Here's one that is a can't miss.  Jutting out over the Wyoming Valley outside of Madison, Wisconsin sits the infinity room of the House on the Rock.  This amazing place was the brainchild of Alex Jordan who began this place in the early 1940's and continued to build for years.  There are 14 truly unique rooms in the house and the property now covers 200 acres.  The infinity room is the star attraction here, because it is a completely glass room that hangs off the rock that the house was built on.  It is the only room like it in the world and caps off a great visit to a place with a carousel and many other things to enjoy.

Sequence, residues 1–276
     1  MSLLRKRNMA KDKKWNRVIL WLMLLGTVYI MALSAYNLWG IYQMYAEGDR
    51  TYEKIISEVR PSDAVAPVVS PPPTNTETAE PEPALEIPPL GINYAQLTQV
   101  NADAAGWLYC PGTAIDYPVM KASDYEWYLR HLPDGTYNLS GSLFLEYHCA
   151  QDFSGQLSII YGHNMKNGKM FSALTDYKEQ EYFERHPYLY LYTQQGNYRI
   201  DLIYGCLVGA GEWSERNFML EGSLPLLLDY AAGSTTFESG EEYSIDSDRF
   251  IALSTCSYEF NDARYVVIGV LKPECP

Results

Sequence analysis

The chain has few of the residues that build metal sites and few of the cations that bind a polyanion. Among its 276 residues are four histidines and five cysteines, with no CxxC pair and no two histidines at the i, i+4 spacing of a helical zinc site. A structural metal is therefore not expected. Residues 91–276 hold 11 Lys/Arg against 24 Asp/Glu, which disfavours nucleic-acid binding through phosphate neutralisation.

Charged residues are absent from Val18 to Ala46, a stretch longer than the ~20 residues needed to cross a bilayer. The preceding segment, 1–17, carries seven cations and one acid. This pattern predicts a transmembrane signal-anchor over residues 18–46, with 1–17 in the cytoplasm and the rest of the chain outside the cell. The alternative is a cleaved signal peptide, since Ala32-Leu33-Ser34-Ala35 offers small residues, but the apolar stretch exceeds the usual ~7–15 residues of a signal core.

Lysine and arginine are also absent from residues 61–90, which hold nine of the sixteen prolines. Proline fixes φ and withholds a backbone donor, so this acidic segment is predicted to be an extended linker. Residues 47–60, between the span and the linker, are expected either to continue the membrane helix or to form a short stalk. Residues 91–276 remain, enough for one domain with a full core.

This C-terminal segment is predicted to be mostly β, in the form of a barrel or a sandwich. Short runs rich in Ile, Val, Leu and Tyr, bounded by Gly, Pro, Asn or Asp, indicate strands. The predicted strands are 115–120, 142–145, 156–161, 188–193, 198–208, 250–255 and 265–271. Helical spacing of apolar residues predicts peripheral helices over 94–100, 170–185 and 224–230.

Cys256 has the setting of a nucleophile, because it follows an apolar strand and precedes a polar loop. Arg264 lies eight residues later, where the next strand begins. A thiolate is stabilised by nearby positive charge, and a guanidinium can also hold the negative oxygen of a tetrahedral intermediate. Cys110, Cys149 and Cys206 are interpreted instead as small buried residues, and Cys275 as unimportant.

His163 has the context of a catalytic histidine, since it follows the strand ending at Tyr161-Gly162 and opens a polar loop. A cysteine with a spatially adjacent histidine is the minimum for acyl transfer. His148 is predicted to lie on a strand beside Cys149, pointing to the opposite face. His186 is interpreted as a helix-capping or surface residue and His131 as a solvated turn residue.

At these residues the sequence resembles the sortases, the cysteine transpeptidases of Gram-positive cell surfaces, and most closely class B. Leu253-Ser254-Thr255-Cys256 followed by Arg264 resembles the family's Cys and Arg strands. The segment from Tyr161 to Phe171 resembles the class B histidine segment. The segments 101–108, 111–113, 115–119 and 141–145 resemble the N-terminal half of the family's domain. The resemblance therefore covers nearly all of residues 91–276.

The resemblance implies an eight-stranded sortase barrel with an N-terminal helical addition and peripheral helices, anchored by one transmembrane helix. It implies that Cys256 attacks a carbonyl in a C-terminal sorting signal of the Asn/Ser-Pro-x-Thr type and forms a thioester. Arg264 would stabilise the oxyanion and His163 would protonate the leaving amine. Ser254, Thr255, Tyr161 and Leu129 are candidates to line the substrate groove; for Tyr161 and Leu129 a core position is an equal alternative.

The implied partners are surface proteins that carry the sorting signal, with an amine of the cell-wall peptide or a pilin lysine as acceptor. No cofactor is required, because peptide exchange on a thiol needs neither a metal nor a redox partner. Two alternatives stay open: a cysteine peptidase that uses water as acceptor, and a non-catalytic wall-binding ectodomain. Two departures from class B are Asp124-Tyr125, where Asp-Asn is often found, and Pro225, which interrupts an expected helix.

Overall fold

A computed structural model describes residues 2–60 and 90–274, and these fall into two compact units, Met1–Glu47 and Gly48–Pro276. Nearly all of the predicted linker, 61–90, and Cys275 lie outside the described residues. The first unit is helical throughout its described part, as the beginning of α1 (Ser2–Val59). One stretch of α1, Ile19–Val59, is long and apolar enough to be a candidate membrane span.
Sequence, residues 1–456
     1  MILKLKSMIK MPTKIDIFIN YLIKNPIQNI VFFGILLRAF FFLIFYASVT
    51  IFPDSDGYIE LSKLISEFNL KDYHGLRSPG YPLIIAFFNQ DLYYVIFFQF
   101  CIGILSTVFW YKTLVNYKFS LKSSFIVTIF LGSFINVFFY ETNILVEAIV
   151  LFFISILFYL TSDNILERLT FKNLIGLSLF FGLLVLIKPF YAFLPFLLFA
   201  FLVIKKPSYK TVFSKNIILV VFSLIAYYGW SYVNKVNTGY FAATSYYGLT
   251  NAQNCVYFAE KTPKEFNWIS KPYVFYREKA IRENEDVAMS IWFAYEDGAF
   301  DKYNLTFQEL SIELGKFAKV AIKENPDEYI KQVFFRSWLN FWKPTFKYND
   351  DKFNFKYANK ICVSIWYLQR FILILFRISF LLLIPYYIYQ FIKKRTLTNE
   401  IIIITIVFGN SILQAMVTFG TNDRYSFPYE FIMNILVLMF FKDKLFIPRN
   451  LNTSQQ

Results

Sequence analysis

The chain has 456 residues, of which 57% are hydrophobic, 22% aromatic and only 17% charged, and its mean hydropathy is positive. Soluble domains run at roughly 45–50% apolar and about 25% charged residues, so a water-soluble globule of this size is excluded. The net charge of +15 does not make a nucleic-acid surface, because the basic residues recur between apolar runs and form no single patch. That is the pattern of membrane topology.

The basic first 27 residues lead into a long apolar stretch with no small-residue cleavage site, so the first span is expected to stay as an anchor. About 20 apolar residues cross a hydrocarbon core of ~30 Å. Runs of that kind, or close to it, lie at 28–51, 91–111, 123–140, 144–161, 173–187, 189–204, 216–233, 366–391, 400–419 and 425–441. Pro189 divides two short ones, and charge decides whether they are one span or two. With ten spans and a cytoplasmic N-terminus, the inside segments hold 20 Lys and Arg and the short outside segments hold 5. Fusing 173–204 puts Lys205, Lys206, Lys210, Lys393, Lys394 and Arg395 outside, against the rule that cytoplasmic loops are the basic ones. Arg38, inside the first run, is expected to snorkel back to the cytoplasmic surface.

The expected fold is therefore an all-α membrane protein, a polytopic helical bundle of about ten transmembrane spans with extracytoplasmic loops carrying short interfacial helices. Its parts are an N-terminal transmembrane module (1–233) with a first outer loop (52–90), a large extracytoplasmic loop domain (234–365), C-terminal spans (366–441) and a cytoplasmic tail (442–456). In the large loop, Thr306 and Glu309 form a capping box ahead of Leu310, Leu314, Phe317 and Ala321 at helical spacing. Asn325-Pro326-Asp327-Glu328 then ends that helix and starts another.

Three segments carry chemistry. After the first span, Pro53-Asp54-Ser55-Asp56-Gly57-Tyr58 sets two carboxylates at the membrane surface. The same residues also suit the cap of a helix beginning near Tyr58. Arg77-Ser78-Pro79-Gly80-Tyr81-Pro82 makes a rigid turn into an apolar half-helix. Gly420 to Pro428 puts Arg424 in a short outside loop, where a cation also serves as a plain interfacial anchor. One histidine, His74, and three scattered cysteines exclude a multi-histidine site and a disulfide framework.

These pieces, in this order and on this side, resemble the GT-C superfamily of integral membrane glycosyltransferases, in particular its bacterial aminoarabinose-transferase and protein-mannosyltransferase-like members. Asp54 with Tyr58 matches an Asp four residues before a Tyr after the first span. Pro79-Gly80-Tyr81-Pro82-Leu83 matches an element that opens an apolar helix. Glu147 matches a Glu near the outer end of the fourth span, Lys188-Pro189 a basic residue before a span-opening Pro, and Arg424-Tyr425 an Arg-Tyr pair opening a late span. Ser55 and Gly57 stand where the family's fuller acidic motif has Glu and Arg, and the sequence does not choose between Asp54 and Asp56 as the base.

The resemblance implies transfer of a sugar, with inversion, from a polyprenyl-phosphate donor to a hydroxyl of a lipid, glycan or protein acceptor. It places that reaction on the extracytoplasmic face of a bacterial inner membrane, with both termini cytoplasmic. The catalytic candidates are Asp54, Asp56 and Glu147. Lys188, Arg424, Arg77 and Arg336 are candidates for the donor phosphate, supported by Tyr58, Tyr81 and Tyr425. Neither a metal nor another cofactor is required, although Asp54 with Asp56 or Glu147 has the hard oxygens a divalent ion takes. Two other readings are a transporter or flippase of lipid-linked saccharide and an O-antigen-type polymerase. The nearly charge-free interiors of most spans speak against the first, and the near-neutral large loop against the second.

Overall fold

And last, but certainly not least is one of my favorites.  The Hillwood Estate sits in Washington DC north of the National Mall and all the hustle and bustle.  It's a stately property that looks like any other luxury house from the turn of the last century.  But, for people like me, it's really different.  Marjorie Merriweather Post bought this place in 1955 and she lived there with her husband who was at one point an ambassador to Russia, or the Soviet Union.  Marjorie decided to turn her home into a museum of rare items that she had gotten from Russia.  This was a time when things from the days of the Tsars were vanishing.  Although it is illegal to take historic items from Russia, Marjorie brought them here to keep them from being destroyed.  The result was the most comprehensive collection of Russian art and antiques outside of Russia.  It's a fascinating place with portraits of the Tsars and even some of the Faberge Eggs have come here for a visit.  There are a constant flow of exhibits of Russian art and antiques through the property, so every time I visit I see something new.